An insight into what I think a game about DID should be like

Okay, you guys know me well enough to know that a lot of my posts are impulsive and full of emotion. This… is kind of like that… but at the same time, not really. You see, I’ve thought about this a lot. I just never thought I would put it out into the world.

So, for those who are just stumbling on this post randomly- hi! My name is Eleanor and I have DID. I also like games. But I have a huge problem combining the two because gaming companies and writers often get it wrong.

DID (Dissociative Identity Disorder) is a mental disorder that… is a very touchy subject. There has been a huge amount of incorrect information, and it’s been glamorised massively by media. So, I came up with a way of portraying DID without making it seem okay. DID may seem okay on the surface, even a little cool, but ultimately it’s not. It’s a lot of not knowing who you are, where you are, anything about yourself. It tends to be a lot of flashbacks and losing time and it’s scary sometimes because it’s almost like you have no control over your own life. Personally, I think video games would do the best job at portraying this. I’ve done a post about whether or not video games should tackle the topic of mental health. You can read it here if you want to, and I would recommend just giving it a skim over before reading this post if you haven’t already.

The conclusion of that post was that mental illness should only be portrayed in video games (or even movies, TV shows and books) if it shows the whole thing, the whole experience. I stand by this. So, with that in mind, here is what I think a DID video game could possibly look like:

So, it opens with an informative screen. I think that this part is very important. Make the audience know that DID is a very real condition that real-life people suffer with due to repeated childhood trauma. Bonus points if there are statistics. There’s not a lot of research on DID in general, but it would be a great idea to look into it, get in contact with people who live with the condition etc. Make your audience know. Heck, if you did the last part, maybe even have a sit-down interview with someone with the condition and animate it in the style of your game. I imagine that would be interesting to see, and a pretty cool way of introducing your audience to the animation style.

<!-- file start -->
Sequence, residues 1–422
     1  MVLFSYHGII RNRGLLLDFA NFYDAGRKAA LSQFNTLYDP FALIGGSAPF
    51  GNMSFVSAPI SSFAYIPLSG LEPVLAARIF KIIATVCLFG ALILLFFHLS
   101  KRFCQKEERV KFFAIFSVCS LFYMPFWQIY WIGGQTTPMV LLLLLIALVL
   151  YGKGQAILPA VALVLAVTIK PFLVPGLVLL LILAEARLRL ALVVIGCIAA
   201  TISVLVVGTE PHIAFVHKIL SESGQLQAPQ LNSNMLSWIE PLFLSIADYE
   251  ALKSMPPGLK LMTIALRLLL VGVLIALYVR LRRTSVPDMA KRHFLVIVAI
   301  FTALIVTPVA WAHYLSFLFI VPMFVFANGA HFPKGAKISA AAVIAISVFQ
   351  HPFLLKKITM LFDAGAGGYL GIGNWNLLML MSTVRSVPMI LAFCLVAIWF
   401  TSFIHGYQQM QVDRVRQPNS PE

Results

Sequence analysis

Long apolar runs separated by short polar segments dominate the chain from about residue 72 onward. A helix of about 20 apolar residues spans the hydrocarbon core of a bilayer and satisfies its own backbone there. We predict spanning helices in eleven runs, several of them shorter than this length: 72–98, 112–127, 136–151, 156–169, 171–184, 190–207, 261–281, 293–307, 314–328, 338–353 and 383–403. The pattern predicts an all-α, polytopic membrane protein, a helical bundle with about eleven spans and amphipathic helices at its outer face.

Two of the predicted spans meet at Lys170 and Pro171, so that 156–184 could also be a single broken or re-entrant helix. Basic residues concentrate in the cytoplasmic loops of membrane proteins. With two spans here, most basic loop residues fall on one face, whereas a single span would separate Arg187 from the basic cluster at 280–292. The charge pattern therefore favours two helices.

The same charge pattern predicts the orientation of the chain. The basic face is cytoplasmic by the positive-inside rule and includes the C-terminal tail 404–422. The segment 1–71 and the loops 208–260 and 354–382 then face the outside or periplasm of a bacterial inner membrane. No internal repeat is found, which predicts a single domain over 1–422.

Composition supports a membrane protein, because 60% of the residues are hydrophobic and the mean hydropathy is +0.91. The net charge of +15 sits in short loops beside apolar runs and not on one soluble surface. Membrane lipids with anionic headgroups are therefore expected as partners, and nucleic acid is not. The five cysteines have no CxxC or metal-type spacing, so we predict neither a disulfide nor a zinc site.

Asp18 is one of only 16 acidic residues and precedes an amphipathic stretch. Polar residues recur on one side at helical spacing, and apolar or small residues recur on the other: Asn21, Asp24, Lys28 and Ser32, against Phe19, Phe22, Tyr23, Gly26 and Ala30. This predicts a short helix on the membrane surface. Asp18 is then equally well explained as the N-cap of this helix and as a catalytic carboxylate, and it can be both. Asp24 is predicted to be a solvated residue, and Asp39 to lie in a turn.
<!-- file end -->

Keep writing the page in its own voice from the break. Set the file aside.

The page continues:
For the tutorial, have the audience go through the main character’s childhood. Why? Because they should understand from the beginning that the condition is from repeated childhood trauma. My advice would be to keep it in the first person for as long as possible. I’m thinking Fallout 3 when the dad is encouraging the child to walk. That type of basic tutorial. And then, as the trauma starts to happen, obviously alters develop. However, to kind of keep the suspense, keep it in the first person. Don’t have any options to change alters or even a way to make it obvious of the change. A cool thing that happened with my system that I’ve heard happen with a lot is one of my alters is colour blind, so the world would obviously look different to that alter.

Before we move on, I want to discuss things that you should not do under any circumstances. No ‘evil’ alter, because DID is enough of a horror movie troupe. We get so much crap because of movies like Split. We don’t need any more of that. So it goes without saying, a horror game is off the table. Sci-fi probably isn’t the best idea either. Do not use the term ‘multiple personality disorder’ because that is not what it is called. Don’t assume that your audience is too stupid to not google what DID is (this obviously won’t be much of an issue if you’ve taken into account the intro part of this post).

So, what would work? Maybe an RPG. Going on a quest to do something heroic. Playing as different characters is usually a pretty fun part of a game, so switch alters when needed. Fighting needs to be done? Bring out the protector. Hard puzzle? Maybe there’s someone in there who can solve it. This is how I deal with life in general, so I think switching when needed would be quite a good thing. I would recommend not giving the player the chance to switch whenever they want to whoever they want, just because that isn’t how DID works. It needs to be more out of necessity, there should be a need for an alter to come out. If you want a little humour, however, bring a little out at random times. When the little comes out, change the goal to something a child would want to do, but also something that would help the mission.

That is really all I’ve come up with. I’m sure I’ll have the odd idea or two but I’ll update you when they come! Do you have any ideas? Leave them in the comments, I’d love to hear them!

Published by eleanorreeswriting

Hi, I am an autistic gamer in my 20's who loves to share my experiences and thoughts about games, characters and everything about gaming.

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